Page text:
Alrightee, so let’s trundle along a similar path to the last post with another bunch of tidbits. But these ones have a theme – that of being BIG numbers which are defining, dictating, and dominating current markets.
1) After yesterday’s 2.9 million barrel build, US crude inventories now sit at over 387 million barrels – a 22-year high. Lest we forget, there is also circa 700 million barrels sitting in the strategic petroleum reserve (SPR)
2) Greek and Spanish youth unemployment rates (= under 25 years old) are both over 50%
3) The Federal Reserve announced yesterday it is extending ‘Operation Twist’ through 2012 to the tune of $267 billion, which means selling near-term debt and buying longer-term debt to keep borrowing costs low, stimulating lending / spending
4) Opec said its production reached 32,964,000 barrels a day in April, its highest level since 2008
5) JPMorgan’s trading losses from ‘the London whale‘ are estimated at over $2 billion, although this number will likely be higher by the time the company reports earnings on July 13
Some of the trades involved are being unwound this week, with a record $31 billion traded on Tuesday on the index involved in the trades (versus a daily average of $2.4 billion). Big bets mean big losses mean big numbers
6) Greek 10-yr government bonds are yielding 27%, a number which indicates impending default (or a huge bargain, if you are the ultimate glass half full type of person)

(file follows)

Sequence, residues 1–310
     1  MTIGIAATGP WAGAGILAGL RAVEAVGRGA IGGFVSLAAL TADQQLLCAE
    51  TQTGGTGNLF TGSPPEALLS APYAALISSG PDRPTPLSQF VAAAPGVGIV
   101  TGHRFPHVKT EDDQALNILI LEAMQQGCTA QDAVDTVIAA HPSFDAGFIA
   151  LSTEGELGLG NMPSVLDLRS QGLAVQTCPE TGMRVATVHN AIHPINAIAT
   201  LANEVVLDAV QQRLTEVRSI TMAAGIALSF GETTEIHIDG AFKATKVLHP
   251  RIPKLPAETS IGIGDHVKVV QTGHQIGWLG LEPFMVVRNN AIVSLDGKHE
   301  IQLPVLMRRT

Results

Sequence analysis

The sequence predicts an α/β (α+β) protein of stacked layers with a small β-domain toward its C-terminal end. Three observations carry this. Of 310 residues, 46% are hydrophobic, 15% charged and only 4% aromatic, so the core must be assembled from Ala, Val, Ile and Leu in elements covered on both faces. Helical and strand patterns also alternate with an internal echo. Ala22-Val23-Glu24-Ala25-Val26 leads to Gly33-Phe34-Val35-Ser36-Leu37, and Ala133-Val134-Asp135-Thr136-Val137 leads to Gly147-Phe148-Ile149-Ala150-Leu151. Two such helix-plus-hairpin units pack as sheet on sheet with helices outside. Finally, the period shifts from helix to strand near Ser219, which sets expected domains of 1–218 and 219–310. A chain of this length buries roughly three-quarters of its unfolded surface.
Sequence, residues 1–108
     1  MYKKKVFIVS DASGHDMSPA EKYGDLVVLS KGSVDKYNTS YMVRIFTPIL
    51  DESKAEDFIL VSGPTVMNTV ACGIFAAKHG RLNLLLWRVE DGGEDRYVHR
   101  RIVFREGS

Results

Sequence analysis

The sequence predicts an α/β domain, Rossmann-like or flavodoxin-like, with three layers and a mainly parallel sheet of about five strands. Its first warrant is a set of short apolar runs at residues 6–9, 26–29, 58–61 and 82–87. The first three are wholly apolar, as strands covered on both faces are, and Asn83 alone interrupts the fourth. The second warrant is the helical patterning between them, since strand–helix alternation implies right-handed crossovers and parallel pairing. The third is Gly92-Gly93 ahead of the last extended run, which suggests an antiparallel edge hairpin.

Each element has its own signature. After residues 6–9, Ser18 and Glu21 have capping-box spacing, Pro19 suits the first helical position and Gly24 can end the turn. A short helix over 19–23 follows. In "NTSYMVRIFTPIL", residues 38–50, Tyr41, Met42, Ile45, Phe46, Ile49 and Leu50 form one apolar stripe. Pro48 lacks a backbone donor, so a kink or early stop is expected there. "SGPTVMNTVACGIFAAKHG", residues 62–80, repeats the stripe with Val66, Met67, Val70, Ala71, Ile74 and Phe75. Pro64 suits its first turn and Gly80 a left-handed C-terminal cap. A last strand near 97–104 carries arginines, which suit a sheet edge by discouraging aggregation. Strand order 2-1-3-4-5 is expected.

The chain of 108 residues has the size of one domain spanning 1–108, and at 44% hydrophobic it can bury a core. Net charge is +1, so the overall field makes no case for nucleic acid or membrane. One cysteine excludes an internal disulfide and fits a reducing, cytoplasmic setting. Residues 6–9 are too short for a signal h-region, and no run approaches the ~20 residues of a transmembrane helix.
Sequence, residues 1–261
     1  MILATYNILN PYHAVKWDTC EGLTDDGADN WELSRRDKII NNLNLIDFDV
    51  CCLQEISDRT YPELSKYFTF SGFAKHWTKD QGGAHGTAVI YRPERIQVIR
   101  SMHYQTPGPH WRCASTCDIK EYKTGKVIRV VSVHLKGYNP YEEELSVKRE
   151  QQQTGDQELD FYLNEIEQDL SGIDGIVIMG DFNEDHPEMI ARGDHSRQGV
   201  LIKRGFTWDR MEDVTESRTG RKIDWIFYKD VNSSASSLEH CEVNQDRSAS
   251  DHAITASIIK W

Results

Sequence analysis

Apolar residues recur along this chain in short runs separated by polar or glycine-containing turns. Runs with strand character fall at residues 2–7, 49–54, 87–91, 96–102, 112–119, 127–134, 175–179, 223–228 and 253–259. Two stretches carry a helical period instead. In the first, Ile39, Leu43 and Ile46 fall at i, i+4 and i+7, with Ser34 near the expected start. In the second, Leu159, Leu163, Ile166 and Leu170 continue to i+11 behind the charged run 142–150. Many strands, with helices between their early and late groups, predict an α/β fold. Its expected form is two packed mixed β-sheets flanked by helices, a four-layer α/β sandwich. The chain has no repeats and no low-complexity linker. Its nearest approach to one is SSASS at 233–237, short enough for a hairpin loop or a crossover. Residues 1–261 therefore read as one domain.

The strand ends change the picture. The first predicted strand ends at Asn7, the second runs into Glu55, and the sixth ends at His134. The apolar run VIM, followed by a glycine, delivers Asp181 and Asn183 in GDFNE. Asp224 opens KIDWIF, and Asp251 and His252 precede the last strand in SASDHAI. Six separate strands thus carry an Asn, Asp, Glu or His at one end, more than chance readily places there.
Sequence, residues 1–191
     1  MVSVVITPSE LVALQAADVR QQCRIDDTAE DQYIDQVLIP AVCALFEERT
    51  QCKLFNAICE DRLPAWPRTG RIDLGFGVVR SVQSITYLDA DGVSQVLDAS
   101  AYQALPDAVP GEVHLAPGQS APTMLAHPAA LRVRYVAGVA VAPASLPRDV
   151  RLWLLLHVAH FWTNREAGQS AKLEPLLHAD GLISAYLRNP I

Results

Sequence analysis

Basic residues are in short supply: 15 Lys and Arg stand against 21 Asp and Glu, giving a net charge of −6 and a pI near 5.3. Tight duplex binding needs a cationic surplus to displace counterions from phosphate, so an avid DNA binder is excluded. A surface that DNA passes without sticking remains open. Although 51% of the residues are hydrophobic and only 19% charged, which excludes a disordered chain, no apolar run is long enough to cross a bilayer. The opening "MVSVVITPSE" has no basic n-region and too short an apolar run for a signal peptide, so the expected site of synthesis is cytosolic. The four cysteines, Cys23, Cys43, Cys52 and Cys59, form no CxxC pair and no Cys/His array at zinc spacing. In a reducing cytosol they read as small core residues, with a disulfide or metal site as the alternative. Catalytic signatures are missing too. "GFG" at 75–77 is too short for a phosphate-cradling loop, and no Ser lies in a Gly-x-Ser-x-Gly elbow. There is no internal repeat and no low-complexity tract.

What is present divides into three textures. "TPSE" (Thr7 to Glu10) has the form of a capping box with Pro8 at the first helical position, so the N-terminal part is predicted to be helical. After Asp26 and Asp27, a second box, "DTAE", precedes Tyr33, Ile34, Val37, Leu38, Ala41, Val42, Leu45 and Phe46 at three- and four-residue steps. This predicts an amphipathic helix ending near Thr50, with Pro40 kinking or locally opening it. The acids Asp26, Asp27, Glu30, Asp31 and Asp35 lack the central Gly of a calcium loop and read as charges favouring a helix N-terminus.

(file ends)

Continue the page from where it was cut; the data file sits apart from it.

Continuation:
7) Charter rates for VLCCs (very large crude carriers) have fallen 76% in 11 weeks amid fears that falling oil prices mean producers will cut back on supply
8) The four-week average for initial jobless claims in the US has risen to its highest level this year at 386,250. This points to renewed weakness in the labor market, something we are seeing affirmed by Nonfarm payroll data
9) Temperatures in the Northeast have been making record highs this week, reaching 98 degrees in Newark, NJ. With sweltering heat across a good swath of the US , stronger cooling demand points frantically to a lowly natural gas storage injection next week versus benchmarks
10) China imported a record 6 million barrels of oil in May, which is 18% more than a year ago. The emerging market is expected to ramp up imports given the fall in prices since the beginning of May (hark, -24%…another big number) as it looks to complete a 170 million barrel strategic petroleum reserve, of which it has already filled 40 million barrels
Thanks for playing…BIG time!